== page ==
Tag Archives: Musings

I’m Not Spoiled. But I’ve Trained Mom Very Well.

Donk-glonk-thud. That was not the sound of a piece of cheese falling on the kitchen floor or dad opening the lid of his Greek yoghurt. No, this was something else. I had not yet figured out what that noise could be when I heard mom yelling. *&#@! And she doesn’t yell. Or even raise her voice. Not normally. Alarm bells went off and I rushed into the kitchen. I found mom sitting on the floor holding her right foot, or rather the toes of her right foot. Doggy 2 ud111And I got it. One of the noisy machines she’s been using had fallen on her toes. Poor mom. That’s what you get when you don’t listen. I had told her it was completely unnecessary to clean the house. She could have been massaging my ears instead and nothing like this would’ve ever happened. But I didn’t say I told you so. I just couldn’t. Instead I gave her a lick right on the cheek.

Anyway, she’s not been the only one suffering. Since last week, my walks have been cut short. Initially I could only get out onto the yard. To sniff the same trees over and over. That was boring. Eventually we walked on the sidewalk and I could read some of my newspapers in the grass. But then mom started limping and we had to turn around. After half a mile! And not one trip to the doggy park in the last 10 days.

I was living in the hope that I could skip my grooming appointment. But no such luck. I like my groomer a lot, but I don’t like the cutting, washing and drying. Luckily mom sat and waited for me. She was busy shooting the new dog paintings on the walls of the Grooming Shop.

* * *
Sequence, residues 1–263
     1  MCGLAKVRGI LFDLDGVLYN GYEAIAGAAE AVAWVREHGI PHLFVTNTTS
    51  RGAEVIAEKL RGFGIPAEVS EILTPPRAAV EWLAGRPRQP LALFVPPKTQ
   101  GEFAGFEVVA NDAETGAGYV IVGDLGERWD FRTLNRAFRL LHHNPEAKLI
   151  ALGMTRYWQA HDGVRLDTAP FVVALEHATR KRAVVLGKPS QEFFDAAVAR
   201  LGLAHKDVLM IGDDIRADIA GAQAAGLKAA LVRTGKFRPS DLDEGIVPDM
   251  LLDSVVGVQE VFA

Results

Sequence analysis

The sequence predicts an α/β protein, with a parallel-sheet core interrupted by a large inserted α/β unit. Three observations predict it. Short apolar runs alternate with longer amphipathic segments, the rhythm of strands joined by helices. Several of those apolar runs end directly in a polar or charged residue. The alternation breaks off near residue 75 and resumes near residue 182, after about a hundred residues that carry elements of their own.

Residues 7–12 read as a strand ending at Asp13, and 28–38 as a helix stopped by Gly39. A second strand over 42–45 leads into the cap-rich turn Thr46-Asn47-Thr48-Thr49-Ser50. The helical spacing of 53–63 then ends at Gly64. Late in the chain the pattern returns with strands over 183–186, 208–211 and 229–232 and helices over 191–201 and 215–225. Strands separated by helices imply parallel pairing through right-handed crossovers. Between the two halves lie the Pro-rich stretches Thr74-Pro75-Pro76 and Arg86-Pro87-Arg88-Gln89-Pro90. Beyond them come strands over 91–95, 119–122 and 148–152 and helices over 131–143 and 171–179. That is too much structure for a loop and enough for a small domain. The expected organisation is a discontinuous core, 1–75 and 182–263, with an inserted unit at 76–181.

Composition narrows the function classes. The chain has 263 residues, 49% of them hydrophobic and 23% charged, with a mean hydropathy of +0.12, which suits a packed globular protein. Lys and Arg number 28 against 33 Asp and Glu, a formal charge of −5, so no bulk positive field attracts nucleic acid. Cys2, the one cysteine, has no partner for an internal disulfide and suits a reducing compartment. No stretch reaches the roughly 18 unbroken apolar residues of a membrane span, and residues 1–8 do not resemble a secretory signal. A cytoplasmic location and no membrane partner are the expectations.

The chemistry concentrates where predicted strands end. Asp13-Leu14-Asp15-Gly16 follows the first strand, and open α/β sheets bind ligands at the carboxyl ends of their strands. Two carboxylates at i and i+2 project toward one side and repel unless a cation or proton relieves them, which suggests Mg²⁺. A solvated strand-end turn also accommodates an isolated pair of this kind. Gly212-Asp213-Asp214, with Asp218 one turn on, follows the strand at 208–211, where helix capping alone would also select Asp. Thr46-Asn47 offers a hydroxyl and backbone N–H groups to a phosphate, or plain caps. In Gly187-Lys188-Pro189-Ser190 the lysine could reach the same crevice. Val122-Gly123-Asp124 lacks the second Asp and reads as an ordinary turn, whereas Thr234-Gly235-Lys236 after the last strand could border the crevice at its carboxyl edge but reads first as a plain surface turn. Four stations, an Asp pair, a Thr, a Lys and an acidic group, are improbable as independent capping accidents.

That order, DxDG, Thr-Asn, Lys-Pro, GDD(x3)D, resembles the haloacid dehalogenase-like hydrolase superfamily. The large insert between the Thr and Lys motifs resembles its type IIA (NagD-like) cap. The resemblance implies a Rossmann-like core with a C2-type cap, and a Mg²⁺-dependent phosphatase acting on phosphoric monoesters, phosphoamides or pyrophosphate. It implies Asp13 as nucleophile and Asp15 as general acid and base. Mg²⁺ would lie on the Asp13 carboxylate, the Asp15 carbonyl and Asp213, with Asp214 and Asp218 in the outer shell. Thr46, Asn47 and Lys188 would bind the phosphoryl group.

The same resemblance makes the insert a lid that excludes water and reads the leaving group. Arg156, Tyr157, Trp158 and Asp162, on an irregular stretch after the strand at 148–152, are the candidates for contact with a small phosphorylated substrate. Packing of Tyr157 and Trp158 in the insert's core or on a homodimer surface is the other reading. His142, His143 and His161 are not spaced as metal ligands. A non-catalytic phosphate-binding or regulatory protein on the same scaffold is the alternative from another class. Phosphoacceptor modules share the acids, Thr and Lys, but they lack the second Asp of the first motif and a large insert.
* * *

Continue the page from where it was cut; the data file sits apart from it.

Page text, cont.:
But I have to admit, it always feels nice when it’s over. The clean smell is good. So coming home, I thought the worst was over. And it was – for a few days. We had family and friends visiting. I was basking in all the attention and enjoying frequent tummy rubs. All was good until early this morning, when mom told me I would need to see my doctor to get my teeth cleaned. And to get my shots. Not good news. I didn’t even want to look at mom after she told me this. Why would I need to go through such an ordeal? Why me?

dylan before tooth cleaning ud111Somehow mom managed to get me into her car and off we went. On empty stomach and all.

I have to confess I don’t remember much of today. I only remember the nice staff at the vet’s office before I fell asleep. It seems I was sleeping for a long while. But I can’t say I’m feeling rested. Or great. I’m groggy and I’m hungry. And my mouth hurts. I hope mom will make me a soft Crème de poulet for dinner. After going through all this I’ve earned something special, don’t you think?

Dylan after anesthesia ud111In fact, I’m still so confused that I don’t even want to jump up on my favorite sofa. I might fail. And that would be embarrassing. I’m just laying down on the hand-me-down bed in mom’s office.  No pictures please. I know this too shall pass.

I want to leave you all with a quote I found at my groomer’s. Something I want to encourage you to ponder. It just might have a useful message. I will discuss this with mom more in-depth when I feel better. And she is back to our normal routines. Hopefully tomorrow.

quote 3 ud111Much love, Dylan

A Weekend Holiday Party. Hosted by the Mayor.

This past weekend was a bit winter-like. Cool winds from the north, bright sunshine and then yesterday a bit warmer and cloudier with a few sprinkles. I was invited to a lively holiday party at the salt marsh. Two days of guests mingling happily in anticipation of the holidays. Residents hosting visitors who seemed happy to have escaped the real cold up north.

dozen-wood-storks-ud94And there were early signs of romance brewing in the bird community. Many couples, breeding plumages growing…and a few loud comments exchanged between suitors in some quarters.

The Reddish Egret was entertaining. Perhaps he was also trying to impress on his girlfriend, who had taken possession of the Mayor’s office. She was well put together and watched the Clown’s performance intently.

the-other-reddish-egret-ud94

reddish-egret-shaking-off-water-ud94And Miss Rosa was, of course, the object of everyone’s admiration. Including mine. I first spotted her hanging out with the big boys.